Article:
Mountain News Briefs: Crews work to thin fire fuels near Carbondale
Efforts to take place next week on BLM land
The Aspen Times
Work to reduce the risk of wildfire on Bureau of Land Management property near private lands will begin next week north of Carbondale.
The project is a cooperative effort between the BLM and Carbondale & Rural Fire Protection District. A crew will reduce hazardous fuels on about 27 acres of BLM land west of the intersection of Garfield County roads 103 and 112, in the Crystal Springs area.
“A primary goal is to reduce the risk of a wildfire burning from public lands onto private land and threatening property in the area,” said BLM fuels specialist Ody Anderson in a BLM press release.
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The crew will reduce “ladder fuels,” which can carry a fire into the tree canopy, by thinning smaller trees and cutting limbs from larger trees to 3 to 4 feet from the ground. Dead and downed material will be cut and piled for later burning in the winter. The work is expected to continue through Aug. 20.
“Fire danger in the communities north of Carbondale has always worried me,” said Carbondale Fire Chief Ron Leach in the press release.
The work being done by the BLM is a good example for residents to follow in reducing wildfire danger on their own properties, he said.
Pitkin County votes to OK building permit extensions
Stalled home construction in unincorporated Pitkin County, apparently the result of the economic downturn, won a reprieve this week from Pitkin County.
County commissioners voted Wednesday to grant a one-time building permit extension until Aug. 31, 2011 for all building permits that have expired or will expire this year.
In May, the county tallied 19 expired permits, 11 that were due to expire by Sept. 1 and 17 others that would expire between Sept. 1 and May 1, 2011 if construction did not commence.
The county has a policy regarding reapplication for an expired permit — one that forces the applicant to pay some or all of the fees anew, plus a reapplication fee — but county commissioners agreed to take a more lenient approach, under the circumstances.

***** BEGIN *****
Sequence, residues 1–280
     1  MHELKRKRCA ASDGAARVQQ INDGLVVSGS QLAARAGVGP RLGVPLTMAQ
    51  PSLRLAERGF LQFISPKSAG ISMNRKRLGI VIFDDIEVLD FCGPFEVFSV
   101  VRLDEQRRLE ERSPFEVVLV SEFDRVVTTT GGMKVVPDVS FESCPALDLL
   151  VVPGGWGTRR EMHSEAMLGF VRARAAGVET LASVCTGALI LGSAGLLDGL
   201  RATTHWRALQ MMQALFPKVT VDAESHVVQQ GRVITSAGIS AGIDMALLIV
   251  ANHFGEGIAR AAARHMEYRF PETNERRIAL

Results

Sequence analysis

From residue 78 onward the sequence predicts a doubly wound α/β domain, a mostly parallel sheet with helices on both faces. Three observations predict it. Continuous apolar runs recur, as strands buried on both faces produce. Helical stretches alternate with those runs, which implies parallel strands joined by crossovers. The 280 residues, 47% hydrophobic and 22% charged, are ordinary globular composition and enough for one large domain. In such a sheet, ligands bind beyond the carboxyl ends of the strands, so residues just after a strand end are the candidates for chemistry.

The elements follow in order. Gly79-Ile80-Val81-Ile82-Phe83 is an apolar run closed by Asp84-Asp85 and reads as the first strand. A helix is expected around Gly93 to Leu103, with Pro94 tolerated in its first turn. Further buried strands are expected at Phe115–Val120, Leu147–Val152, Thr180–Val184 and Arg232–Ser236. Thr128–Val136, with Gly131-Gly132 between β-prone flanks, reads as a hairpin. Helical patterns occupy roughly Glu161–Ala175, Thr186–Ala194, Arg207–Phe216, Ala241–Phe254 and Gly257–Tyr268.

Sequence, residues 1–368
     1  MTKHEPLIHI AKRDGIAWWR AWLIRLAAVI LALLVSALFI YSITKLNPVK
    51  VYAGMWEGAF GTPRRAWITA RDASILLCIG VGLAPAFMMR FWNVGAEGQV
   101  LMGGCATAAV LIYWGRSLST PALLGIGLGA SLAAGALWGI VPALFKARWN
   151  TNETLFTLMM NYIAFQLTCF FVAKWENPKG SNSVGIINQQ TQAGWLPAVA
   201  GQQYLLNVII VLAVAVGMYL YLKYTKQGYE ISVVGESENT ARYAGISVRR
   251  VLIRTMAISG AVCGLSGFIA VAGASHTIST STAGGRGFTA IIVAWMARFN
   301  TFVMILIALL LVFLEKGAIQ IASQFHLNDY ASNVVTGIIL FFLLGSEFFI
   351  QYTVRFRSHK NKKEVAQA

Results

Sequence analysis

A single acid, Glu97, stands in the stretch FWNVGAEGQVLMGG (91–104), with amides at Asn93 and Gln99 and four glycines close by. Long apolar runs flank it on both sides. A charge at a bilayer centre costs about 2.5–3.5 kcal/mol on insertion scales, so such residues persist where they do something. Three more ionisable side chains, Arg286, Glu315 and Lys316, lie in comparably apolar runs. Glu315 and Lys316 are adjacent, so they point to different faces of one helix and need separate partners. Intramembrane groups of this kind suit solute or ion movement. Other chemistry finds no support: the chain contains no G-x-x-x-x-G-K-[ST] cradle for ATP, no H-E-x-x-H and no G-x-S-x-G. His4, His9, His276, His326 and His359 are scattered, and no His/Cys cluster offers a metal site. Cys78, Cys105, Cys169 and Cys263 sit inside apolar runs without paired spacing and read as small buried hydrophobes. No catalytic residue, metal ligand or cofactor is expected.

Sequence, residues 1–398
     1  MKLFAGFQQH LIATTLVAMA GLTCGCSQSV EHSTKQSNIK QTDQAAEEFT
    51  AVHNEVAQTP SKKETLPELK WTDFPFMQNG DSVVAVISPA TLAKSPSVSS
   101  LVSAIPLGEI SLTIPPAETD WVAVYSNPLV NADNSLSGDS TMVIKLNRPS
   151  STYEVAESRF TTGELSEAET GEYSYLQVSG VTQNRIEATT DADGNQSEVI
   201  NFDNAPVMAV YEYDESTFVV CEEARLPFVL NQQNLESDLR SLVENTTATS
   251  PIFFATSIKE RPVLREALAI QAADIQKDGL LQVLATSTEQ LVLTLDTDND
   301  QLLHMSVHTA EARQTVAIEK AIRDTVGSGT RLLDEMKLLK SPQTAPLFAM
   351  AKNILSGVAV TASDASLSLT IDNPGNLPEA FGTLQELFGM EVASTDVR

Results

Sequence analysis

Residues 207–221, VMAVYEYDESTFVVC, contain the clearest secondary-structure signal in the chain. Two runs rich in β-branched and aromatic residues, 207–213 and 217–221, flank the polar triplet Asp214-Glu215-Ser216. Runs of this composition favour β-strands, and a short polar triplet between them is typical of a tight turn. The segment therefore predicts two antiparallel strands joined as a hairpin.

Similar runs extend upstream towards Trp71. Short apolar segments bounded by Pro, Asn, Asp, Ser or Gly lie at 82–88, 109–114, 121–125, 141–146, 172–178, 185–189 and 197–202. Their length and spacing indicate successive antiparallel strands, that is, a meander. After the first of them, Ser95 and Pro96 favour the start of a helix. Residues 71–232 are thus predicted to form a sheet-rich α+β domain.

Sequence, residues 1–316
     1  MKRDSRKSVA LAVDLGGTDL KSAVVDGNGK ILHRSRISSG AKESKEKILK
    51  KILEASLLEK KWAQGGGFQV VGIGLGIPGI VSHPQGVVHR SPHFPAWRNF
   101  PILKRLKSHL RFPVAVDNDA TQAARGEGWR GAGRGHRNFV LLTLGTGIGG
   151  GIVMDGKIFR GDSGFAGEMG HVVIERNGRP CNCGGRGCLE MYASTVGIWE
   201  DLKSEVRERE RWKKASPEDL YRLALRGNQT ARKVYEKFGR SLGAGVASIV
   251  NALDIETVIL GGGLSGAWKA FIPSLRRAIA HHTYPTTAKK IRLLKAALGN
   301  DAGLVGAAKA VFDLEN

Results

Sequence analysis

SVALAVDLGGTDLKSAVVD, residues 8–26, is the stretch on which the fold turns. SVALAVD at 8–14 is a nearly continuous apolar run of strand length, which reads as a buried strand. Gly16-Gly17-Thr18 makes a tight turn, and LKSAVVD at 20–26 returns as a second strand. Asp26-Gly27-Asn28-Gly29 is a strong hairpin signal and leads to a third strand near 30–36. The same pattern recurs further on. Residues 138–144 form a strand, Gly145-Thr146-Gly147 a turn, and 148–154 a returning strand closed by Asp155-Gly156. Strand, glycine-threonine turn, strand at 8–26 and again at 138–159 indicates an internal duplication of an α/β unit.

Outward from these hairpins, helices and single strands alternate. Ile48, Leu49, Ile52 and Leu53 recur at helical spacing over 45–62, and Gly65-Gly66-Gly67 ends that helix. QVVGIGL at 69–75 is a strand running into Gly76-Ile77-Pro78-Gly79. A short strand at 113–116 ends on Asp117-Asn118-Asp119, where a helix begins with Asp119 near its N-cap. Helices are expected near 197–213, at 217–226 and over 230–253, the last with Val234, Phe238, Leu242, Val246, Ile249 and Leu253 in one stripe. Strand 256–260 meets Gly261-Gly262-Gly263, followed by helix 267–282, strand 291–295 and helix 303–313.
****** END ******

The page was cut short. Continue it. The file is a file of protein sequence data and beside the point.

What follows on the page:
The city of Aspen is extending all permits, at the permit holder’s request, until June 30, 2011.
Vail Resorts rearranges leaders at its 5 resorts
The Associated Press
Vail Resorts is shuffling leaders at its five resorts in Colorado and California.
The company said Thursday that Keystone Resort Chief Operating Officer Doug Lovell was named vice president and chief operating officer of Beaver Creek Resort, where he previously was director of mountain operations.
Breckenridge Resort director of skier services John Buhler was named vice president and general manager of Keystone. Vail ski and snowboard school director Pete Sonntag was named vice president and general manager of Heavenly Mountain Resort.
Vail Resorts mountain division co-presidents John Garnsey and Blaise Carrig once had more direct responsibility for individual resorts but now have more strategic responsibilities.
Summit Daily News
CSP: Man who died in crash ‘traveling too fast’
A man died on eastbound Interstate 70 on Wednesday evening after his 2002 Pontiac Grand Prix lost control and hit a large metal pole.
John Matthew Popick, 53, of Grand Junction, died on the scene. The cause of the crash was “driving too fast for conditions,” according to Colorado State Patrol.
The death was caused by blunt force trauma, according to Summit County Coroner’s Office.
“The vehicle was traveling at a high rate of speed in rainy, wet conditions,” according to an e-mail from the coroner’s office.
Popick was wearing a setbelt, and drugs and alcohol were not suspected in the incident, according to CSP.
Rescuers extract injured hiker in overnight mission
Summit County Rescue Group carried an injured hiker out of the wilderness at the north end of the county Thursday afternoon, concluding an overnight effort involving about 20 group members.
The 78-year-old hiker was with his 45-year-old son on their annual trip to a lake in the Gore Range (in the Eagles Nest Wilderness Area), about 5 miles south of Elliot Ridge, said SCRG spokesman Jim Koegel.
“In the area of the lake, the older gentleman slipped on a log and cut himself on a branch to the point where he couldn’t walk,” Koegel said.
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